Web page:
It is a common
assumption that the smaller the car, the more vulnerable driver
and passengers are in an accident. The new Toyota iQ – the
world’s smallest four-seat production model – is proof this need
not be the case, providing an unprecedented level of active and
passive safety protection for an A-segment model.
From its basic
framework to a 360-degree array of airbags, iQ goes further than
any car in its class to ensure the safety of everyone on board
should an accident happen. More than that, there is a full
package of advanced braking and handling systems that help the
driver maintain control of the car in difficult conditions,
features that until now have been reserved for much larger
models from the B/C segments and above.
iQ is equipped with a formidable range of braking and handling
systems that give the driver more chance of avoiding an accident
ABS is supported by
Electronic Brakeforce Distribution (EBD) and Brake Assist (BA),
which ensure maximum performance under emergency braking. By
preventing the wheels from locking under braking, EBD also helps
maintain stability when cornering and braking.
Vehicle Stability Control (VSC+) prevents loss of control in
hazardous situations, for example when entering a corner too
fast, or encountering slippery conditions that could provoke a
skid. Sensors monitoring vital performance data around the car
determine whether the driver is about to lose control and
automatically triggers stability and safety systems, including
adjustment of steering torque to help the driver make the
correct turn of the wheel to keep the car on course.
(TRC) is also provided as standard, automatically adjusting
power delivery to individual wheels when any loss of traction is
detected to maintain grip, for example when driving on wet or
The protection cell around the cabin is a critical
engineering feature of any car. For the new iQ, engineers
developed a new protection system based on Toyota’s innovative
multi-load path body structure. This provides six key
countermeasures to mitigate the effects of any impact.
The engine is
positioned towards the rear of the engine bay, allowing more
space for an energy absorbing structure to be positioned at
the front of the front side members. In a heavy collision,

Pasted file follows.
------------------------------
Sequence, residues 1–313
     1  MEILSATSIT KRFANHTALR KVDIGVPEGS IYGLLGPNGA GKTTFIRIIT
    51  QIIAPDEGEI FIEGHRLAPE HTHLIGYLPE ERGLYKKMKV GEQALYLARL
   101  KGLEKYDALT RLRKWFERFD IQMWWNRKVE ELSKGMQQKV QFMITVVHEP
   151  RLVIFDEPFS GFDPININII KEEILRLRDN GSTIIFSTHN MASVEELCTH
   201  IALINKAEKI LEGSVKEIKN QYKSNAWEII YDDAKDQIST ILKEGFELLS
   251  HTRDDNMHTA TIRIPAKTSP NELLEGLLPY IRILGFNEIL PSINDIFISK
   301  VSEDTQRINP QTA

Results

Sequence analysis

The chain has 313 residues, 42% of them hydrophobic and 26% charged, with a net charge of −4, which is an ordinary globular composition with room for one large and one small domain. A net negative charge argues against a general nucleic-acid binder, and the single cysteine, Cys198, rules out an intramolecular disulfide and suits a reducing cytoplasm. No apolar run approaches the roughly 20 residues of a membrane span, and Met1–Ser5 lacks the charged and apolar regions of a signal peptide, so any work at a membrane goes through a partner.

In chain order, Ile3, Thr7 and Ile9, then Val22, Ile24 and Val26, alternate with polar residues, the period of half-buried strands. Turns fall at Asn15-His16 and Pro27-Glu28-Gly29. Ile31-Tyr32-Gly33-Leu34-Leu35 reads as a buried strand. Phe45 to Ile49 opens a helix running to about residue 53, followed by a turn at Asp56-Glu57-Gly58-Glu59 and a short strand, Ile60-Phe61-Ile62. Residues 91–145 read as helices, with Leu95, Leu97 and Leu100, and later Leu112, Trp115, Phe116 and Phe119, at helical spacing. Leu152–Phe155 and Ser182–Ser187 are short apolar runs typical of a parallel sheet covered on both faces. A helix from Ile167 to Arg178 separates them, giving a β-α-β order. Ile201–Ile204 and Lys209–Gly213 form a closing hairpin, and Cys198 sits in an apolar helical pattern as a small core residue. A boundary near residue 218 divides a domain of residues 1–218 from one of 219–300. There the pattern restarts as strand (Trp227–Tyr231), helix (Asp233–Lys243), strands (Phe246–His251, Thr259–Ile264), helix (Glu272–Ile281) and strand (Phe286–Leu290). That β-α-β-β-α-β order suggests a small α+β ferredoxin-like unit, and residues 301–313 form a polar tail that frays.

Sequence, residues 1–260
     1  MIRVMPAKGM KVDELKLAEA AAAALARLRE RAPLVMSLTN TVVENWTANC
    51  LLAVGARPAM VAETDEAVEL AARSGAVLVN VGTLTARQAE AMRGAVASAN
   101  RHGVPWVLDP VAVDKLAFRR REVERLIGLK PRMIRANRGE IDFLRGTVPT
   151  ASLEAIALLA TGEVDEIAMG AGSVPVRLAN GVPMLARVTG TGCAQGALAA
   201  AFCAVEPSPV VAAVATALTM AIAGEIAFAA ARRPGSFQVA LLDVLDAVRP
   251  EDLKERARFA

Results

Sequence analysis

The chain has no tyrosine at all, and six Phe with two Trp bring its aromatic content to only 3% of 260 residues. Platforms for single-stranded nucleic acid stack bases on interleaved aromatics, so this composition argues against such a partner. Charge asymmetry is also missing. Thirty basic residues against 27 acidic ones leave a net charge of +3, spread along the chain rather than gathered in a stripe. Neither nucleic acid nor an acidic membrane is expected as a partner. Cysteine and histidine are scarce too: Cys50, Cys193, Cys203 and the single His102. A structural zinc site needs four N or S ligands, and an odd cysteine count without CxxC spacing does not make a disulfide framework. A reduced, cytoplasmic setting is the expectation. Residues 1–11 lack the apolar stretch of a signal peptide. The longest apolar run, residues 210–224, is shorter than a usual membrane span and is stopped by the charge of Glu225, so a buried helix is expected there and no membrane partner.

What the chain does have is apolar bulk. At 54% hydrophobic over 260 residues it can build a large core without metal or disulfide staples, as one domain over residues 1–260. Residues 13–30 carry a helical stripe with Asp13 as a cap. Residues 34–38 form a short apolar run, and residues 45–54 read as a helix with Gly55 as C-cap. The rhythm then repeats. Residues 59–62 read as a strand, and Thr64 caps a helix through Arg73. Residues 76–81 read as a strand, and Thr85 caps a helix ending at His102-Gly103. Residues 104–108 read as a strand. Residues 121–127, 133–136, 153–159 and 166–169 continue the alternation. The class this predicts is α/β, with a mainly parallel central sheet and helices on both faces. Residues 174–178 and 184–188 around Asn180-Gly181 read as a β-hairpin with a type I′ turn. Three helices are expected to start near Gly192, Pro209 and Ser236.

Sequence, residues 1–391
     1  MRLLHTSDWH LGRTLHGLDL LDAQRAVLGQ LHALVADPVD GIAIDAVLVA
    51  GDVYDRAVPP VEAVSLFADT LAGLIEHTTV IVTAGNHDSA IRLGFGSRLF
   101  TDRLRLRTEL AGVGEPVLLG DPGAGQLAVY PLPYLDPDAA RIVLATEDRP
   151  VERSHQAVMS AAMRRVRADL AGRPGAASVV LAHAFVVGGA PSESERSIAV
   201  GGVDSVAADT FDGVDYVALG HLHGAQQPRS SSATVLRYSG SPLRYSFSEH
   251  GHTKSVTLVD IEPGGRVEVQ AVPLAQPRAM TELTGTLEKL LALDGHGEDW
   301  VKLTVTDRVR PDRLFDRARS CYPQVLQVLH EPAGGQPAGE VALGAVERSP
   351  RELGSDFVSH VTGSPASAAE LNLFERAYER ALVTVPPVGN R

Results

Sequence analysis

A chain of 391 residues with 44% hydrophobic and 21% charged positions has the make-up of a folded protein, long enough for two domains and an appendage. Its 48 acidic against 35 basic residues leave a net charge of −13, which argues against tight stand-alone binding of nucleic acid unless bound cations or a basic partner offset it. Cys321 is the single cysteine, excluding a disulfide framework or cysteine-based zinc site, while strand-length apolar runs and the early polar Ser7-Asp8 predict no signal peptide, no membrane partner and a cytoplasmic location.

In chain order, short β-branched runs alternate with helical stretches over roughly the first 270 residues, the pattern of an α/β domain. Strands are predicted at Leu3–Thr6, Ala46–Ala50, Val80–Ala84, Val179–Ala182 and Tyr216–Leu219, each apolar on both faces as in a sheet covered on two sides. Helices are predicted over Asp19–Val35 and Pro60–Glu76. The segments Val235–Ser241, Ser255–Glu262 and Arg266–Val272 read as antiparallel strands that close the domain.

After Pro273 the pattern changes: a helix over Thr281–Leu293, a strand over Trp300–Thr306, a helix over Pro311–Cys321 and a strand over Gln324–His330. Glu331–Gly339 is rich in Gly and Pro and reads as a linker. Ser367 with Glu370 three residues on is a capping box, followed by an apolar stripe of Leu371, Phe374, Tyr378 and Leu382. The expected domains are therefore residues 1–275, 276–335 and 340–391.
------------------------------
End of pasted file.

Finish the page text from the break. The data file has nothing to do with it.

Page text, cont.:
the engine will also function as a barrier, reducing impact
on the passenger cell.
The position of
the front wheels and tyres at the extreme corners of the car
provides valuable initial protection in a front impact.
absorption capacity has been increased by using the
suspension side member side rail in addition to the standard
collision area formed by the front side member.
The rear part of
the front suspension member is attached to the body in four
places, which allows load from the front side members to be
transmitted to the crossmember.
was further increased by directly connecting the front side
members to the rocker panel.
the dashboard means impact forces towards the passenger area
can be distributed more evenly and effectively.
In the cabin there
are nine airbags, designed specifically to complement the size
and shape of the interior, providing 360-degree protection.
They include a
driver’s knee airbag, which, as it is closer to the driver than
on other models, is smaller and deploys quicker. The front
passenger front airbag uses a dual-chamber design first seen on
Lexus models, which has the effect of cradling the passenger’s
face while the force from inflation is spread across the
shoulders. iQ also features Toyota’s first seat cushion airbag,
fitted to the front passenger seat. This inflates under the
thighs to help hold the body in place, maximising the protection
given by the front and side airbags.
Front and rear side
airbags are fitted, with separate sections that provide
different levels of pressure appropriate for protecting the
pelvis and chest areas.
As there is only a
small space between the rear window and back of the rear seats,
rear passengers are protected by the world’s first rear window
curtain shield airbag. This deploys first between the roof panel
and headlining, then along the rear window. Further curtain
shield airbags are positioned on each side of the cabin and
Isofix child seat mounts are provided on both rear seats.
In spite of its diminutive dimensions, iQ has been designed
with a view to achieving class-leading safety performance in
full-frontal, offset, side and rear collisions, aided by its
new, highly rigid platform and robust safety structure. The car
is intended to meet the maximum five-star standard for adult
occupant protection in Euro NCAP crash testing and a three-star
rating for pedestrian protection. In this last regard, the shape
and height of the bonnet and a collapsible cowl construction
help reduce potential pedestrian injury.
The new Toyota iQ is
available to order now, with deliveries from January 2009.
On-the-road prices are from £9,295.